Sherrinford Holmes and his trusty sidekick, Ormond Sacker

Doesn’t quite have the same ring to it, does it? However, an early manuscript of A Study in Scarlet shows its author still sketching out the names for what became the infamous duo, Sherlock Holmes and Dr Watson . This weekend I stepped behind the wall of books and into the world of Sherlock Holmes and his author, Sir Arthur Conan Doyle – a world that has been reinvented and remains as prominent today as it did two centuries ago.




There’s a fascinating video of Sir Doyle talking about how he came about creating the detective – influenced hugely by his science tutor who used deduction methods in his experiments – a technique Sir Doyle thought should be applied to detection.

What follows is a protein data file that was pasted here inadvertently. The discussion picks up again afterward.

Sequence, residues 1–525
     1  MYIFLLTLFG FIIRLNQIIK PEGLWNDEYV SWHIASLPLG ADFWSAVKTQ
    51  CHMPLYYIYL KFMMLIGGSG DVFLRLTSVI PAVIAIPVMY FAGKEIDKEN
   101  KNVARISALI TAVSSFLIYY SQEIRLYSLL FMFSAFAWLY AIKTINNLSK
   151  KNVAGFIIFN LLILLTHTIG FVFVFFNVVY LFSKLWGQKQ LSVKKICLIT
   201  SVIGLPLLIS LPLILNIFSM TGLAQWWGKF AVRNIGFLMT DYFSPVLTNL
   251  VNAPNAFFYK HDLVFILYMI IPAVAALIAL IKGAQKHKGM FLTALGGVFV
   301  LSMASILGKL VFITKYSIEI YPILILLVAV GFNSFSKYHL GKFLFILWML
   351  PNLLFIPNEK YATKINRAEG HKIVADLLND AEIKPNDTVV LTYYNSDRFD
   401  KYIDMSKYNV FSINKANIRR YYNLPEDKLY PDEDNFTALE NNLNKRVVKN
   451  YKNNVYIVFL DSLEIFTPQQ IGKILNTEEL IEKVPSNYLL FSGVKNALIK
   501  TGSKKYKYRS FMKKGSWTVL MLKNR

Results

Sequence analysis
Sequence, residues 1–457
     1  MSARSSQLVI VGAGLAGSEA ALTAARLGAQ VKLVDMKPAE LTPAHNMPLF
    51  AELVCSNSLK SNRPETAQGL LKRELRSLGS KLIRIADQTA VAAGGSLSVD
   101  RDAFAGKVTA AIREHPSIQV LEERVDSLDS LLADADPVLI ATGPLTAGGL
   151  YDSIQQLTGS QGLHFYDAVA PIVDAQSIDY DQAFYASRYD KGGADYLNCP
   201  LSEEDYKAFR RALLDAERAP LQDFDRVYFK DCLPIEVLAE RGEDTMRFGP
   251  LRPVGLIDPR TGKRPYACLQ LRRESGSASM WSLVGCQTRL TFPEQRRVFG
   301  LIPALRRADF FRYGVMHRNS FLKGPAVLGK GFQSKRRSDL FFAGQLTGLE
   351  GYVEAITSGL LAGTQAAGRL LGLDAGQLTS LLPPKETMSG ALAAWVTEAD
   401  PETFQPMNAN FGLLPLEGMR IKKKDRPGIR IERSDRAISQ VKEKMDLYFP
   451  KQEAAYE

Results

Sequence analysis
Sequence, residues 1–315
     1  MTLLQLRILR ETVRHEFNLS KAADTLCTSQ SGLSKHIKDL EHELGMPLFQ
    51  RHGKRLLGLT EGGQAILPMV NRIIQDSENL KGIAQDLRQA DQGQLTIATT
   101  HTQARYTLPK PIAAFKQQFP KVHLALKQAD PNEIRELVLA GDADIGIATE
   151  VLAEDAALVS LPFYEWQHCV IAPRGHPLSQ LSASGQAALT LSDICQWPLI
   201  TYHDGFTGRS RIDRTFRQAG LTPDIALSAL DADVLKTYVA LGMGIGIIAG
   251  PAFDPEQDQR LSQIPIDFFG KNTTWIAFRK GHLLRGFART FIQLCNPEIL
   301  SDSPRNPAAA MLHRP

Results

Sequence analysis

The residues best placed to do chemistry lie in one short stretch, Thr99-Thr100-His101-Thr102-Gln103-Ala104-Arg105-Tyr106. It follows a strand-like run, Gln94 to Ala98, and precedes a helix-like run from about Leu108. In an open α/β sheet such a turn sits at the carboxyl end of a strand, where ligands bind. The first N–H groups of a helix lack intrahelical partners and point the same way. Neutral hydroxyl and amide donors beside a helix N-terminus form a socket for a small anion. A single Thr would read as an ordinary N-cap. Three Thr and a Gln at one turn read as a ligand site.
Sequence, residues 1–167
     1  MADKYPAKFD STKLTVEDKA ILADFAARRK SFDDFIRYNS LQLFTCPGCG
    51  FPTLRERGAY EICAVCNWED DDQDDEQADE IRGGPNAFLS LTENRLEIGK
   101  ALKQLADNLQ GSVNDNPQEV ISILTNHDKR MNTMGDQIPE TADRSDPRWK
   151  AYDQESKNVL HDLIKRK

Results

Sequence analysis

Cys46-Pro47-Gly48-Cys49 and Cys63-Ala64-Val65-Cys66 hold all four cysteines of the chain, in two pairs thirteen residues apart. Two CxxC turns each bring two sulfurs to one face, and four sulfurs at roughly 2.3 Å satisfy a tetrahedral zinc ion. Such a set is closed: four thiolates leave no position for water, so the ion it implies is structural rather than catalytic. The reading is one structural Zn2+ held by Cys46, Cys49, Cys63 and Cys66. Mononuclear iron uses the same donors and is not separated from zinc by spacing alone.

Original copies of The Strand magazine are on display where Sir Doyle’s short adventures were first published in the monthly editions, and where he soon became a star.

And if that’s not enough – there are walls covered with beautiful artwork, capturing the London scene in the late 19th century – a foggy London, where “only the all-seeing eye of the master detective can penetrate its thick veil to shed light on the crimes and mysteries of the metropolis.”

If you have not made your way down to the Sherlock Holmes exhibition at the Museum of London, you’re missing out!

Visit the Museum of London website for details about the exhibition

Lydia Riddle, Editor

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